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January 19, 2017: Nurturing Art and Business; Chamber Theatre Hintonburg.

January 19, 2017: Nurturing Art and Business;
Chamber Theatre Hintonburg.

By Allyson Domanski.

“Participate in your own life—fully. Don’t sink back into that which is easy and safe. You’re alive only once, as far as we know, and what could be worse than getting to the end of your life and realizing you hadn’t lived it?”

This quotation, a laudable New Year’s resolution, comes from Pulitzer Prize-winning American playwright Edward Albee. He gave it while referring to his final play, the 2009 “At Home at the Zoo”.

Set in New York, it will soon premiere in Wellington West, aka Hintonburg, Ottawa’s ‘it’ neighbourhood according to the New York Times on January 5, 2017.

Albee, like his iconic cultural contemporaries Cohen and Bowie, died last year.

This play will be staged from February 1st to 11th by the Chamber Theatre Hintonburg (CTH) team of Donnie Laflamme and Lisa Zanyk. Not only will CTH be featured in the spring 2017 Canadian Theatre Review, but this group has a noteworthy history in our ‘hood.

Way back when the Hintonburg Community Centre was expanding and seeking ideas to engage the community, Laflamme (born and raised in Hintonburg) was there representing CTH. CTH rehearses in the HCC, employs and mentors locals, both established and emerging theatre artists.

It produces plays (like Mechanicsville Monologues) that it considers relevant to Hintonburg and Mechanicsville audiences and that those audiences relate to.

Its productions are unique. They’re mounted in taverns ( the Carleton, the Elmdale, Irene’s Pub ) where Laflamme says “the text and venue suit each other.”

CTH has a tradition of bringing plays it loves to places its audiences gather. Laflamme and Zanyk attribute their 16-year success at performing world-class theatre in local joints to keeping the audience close and engaged in an intense experience.

For instance, CTH performed Arthur Miller’s Death of a Salesman in 2014 without its signature set but instead, on a six-by-twelve-foot riser surrounded by the Carleton’s wooden chairs and tables. Mood and time changes were suggested by simple lighting and precise choreography.

Moved by the characters’ psychological realities unobstructed by transparent staging, people (like me) wept in response. An audience at arms-distance away feels not just the characters’ emotions but the actors’ too. The same can be said for CTH’s 2015 production of Eugene O’Neill’s The Hairy Ape.

This is why people love CTH and its intimate brand of theatre: the personal experience of exceptional acting, little more, is affecting. Such encounters are harder to come by in traditional theatres with abundant technical effects, which can distance the audience in both spatial and emotional terms.

Expect “At Home at the Zoo” to be as affecting as CTH’s earlier productions. Albee plays peel back the emptiness and fear below the surface of everyday life.

For this three-person production (in which Louis Lemire is Peter, Jennifer Ford is his wife Ann, and Matt Smith is Jerry), CTH moves to a smaller part of the Carleton, attesting to its commitment to suit venue to text.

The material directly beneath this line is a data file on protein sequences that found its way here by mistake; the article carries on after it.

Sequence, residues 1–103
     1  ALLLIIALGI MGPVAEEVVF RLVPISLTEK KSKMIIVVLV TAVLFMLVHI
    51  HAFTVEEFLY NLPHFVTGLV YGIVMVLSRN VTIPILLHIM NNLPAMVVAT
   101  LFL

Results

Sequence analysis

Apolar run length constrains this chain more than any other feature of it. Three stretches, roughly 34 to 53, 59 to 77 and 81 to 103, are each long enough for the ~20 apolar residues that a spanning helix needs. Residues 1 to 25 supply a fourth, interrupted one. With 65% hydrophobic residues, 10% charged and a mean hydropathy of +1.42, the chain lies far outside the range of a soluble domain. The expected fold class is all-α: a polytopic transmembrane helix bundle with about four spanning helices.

With the large-cast Miller and O’Neill works, CTH needed the bar’s larger side. But this smaller-cast play pushes their “intimate plays require intimate settings” emphasis further still. It uses the Carleton’s smaller side and gives audiences the best opportunity to engage with characters and text.

CTH continues to adapt. It commits to a good business arrangement with Carleton Tavern owners the Saikaleys, ensuring that art and business nurture one another.

Tickets are $20, call 613-791-4471 or 613-791-0097, or go online to https://www.eventbrite.ca/e/at-home-at-the-zoo-by-edward-albee-chamber-theatre-hintonburg-at-carleton-tickets-30644020089 for more details or to purchase.

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Photo Caption: Donnie Laflamme and Brent Rouleau in “The Hairy Ape” performed at the Carleton Tavern. Photo by Glen McIntosh.

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Photo Caption: The Carleton Tavern is also the venue for the coming production of “At Home at the Zoo”, staged from February 1st to 11th.

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Photo Caption: Plays at the Carleton Tavern are close intimate experiences with the Audience and Actors in close proximity. Here Laura Hall and Brent Rouleau perform in “The Hairy Ape” at close quarters. Photo by Glen McIntosh.

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Photo Caption: In 2014 CTH performed Arthur Miller’s “Death of a Salesman”. Here are the core cast members in rehearsal. Photo provided by CTH.

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Photo Caption: And Donnie Laflamme has himself played Willy Loman in “Death of a Salesman”..

jan19-2017_pg17_WE_Bob Reynolds as Uncle Ben
Photo Caption: Bob Reynolds as Uncle Ben.

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Photo Caption: CTH also produces plays like “Mechanicsville Monologues” for local neighbourhood interest. Photo by Lisa Zanyk.

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